21 thoughts on “Culinary Diplomacy Through Spanakopita in Meteora, Greece

    1. I’d like a follow-up too, Gerard. Sadly, we’ve now left the guesthouse and the village where our Greek mama for a week spoiled us so much.

      We’ll be doing a cooking class in the coming days, so perhaps spanakopita will be on the menu, or maybe you’ll even want to give the recipe a whirl? :) Cooking that recipe from scratch would be time-consuming if you roll your own dough, though – so many, paper-like layers to achieve that crispy goodness!

      1. Regarding the recipe, no thank you. I don’t like cooking anything that is very time consuming. Thank you for the offer.

    1. Christina, there is so much to be explored in Greece. I’ve never been to the Peloponnese, but it sounds wonderful. We’re now on Santorini, having spent a few days in Athens exploring the Parthenon. How much time did you spend there?

      I get the sense that Meteora is often a bit off-the-beaten-path for some travelers, because it is somewhat of the way, geographically speaking, but we’re so glad we made the journey. Simply put, it’s been one of my lifetime travel highlights.

      1. Lifetime travel highlights? That’s high praise! I’ll have to plan on visiting someday. :) I spent a few days in Athens as well then drove through the mountains to Olympia. I loved the Western coast and Nafplio in the east.

        We saved all the islands for another trip. Have a good time in Santorini!

      2. Christina, Meteora is such a perfect blend of nature and manmade treasures, coupled with history. It is an ideal place to relax for a few days. Actually, we could’ve stayed there for weeks.

        I think it’s wise to dedicate time solely to the islands. We’re now just going to visit Santorini, however, I think a small boat trip from island to island is something we’ll do in the future. Your mountainous drive to Olympia also sounds stunning!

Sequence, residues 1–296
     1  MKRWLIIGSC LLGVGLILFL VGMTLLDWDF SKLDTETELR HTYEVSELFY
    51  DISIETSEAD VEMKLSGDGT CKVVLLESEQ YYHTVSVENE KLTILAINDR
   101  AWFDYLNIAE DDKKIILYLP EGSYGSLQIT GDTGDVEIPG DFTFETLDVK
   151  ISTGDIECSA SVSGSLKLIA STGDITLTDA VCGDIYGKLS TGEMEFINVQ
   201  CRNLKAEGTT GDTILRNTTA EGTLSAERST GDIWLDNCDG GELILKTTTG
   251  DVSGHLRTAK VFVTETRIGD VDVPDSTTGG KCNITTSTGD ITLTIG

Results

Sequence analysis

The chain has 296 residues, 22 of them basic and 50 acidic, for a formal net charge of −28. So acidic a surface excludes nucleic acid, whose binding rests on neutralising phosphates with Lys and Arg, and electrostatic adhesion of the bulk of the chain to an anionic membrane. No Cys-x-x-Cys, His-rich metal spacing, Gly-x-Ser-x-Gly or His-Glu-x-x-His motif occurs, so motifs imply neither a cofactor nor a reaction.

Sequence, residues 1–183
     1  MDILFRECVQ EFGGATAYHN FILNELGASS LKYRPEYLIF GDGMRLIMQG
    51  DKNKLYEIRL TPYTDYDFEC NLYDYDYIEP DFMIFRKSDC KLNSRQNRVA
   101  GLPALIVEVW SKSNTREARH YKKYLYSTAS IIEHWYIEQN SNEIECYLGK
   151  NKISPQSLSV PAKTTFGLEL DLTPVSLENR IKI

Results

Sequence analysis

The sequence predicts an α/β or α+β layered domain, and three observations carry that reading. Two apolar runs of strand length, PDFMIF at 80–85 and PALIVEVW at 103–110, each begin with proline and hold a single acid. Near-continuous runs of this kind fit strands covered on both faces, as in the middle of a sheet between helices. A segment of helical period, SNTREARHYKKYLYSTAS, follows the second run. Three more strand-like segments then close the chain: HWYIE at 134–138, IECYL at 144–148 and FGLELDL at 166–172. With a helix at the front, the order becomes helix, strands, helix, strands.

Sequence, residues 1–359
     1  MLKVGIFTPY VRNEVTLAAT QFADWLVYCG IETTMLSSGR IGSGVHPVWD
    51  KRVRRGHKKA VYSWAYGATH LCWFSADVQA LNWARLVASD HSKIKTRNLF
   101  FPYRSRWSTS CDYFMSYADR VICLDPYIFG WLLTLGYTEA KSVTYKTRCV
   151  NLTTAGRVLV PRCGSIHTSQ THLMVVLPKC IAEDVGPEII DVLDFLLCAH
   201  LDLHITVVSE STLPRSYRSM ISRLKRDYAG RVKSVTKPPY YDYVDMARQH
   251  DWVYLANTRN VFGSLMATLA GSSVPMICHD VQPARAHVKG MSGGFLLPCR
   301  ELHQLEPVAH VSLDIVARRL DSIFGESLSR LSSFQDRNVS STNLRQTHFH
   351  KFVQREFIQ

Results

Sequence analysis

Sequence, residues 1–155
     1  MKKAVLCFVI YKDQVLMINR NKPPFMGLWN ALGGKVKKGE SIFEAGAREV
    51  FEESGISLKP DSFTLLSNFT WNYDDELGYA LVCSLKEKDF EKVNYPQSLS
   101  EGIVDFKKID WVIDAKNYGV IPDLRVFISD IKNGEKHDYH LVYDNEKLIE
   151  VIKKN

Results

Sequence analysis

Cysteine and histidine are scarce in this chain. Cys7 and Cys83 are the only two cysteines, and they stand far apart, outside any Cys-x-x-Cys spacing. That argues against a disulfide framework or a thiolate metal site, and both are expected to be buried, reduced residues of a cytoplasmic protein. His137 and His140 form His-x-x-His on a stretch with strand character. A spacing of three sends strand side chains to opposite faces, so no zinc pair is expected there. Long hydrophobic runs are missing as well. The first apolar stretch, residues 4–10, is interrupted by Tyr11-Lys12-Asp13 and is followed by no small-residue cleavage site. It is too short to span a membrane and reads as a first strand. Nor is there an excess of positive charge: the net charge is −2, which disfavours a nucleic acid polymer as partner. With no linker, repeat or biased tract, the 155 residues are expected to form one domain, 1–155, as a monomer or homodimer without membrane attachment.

1. Oh, it was, Carol. It was such an unexpected surprise to be delivered authentic Greek treats, while overlooking the unique Meteora rock formations from our balcony. More on those soon.

      Thanks as always for your comments. :)

    1. And you’re lucky enough to have it all the time, Angelina! Best regards to George and everyone we met along the way. Can’t wait to share our splendid experiences at the monasteries!

      1. I’m stuck out here in the North Sea, joined rig in Copenhagen, suppose to go to Israel on Thursday but have been waiting for a helicopter since last Friday, flights cancelled due to fog.

      2. Hope the weather cooperates soon, Mark. Here on Santorini, the weather has been extremely windy – so much so that it rattles our little apartment’s shutters and takes our laundry by flight.

  1. I love Meteora, it has an amazing view ! I went there 2 years ago (Autumn) but visited only one of the 6 monasteries, the Monastery of Transfiguration. My first time to wear a skirt to enter it and this was a funny moment for me. But definitely, the view from the monastery was amazing. I guess you stayed in the town below called Kalambaka? :)
    Me and hubby are planning to visit it together this summer, I took note of the place you stayed in. Thank you for that! And in Greece, they say that if you want good food, eat the ones prepared by traditional Greek moms. :D You had the best food during that week , believe me. ;)

    1. Hello Nessy, we also only visited a few of the monasteries, and it was fun for the ladies choosing a wrap skirt to wear in order to enter each moastery respectfully. :)

      We actually stayed in Kastraki, which is smaller than Kalambaka, and within walking distance to the monasteries (though a bit of a hike). We were quite happy there, as it was significantly quieter and less commercialized than Kalambaka. We were also very happy with our little guesthouse – the roomy was comfy and the hostesses’ touches were much appreciated.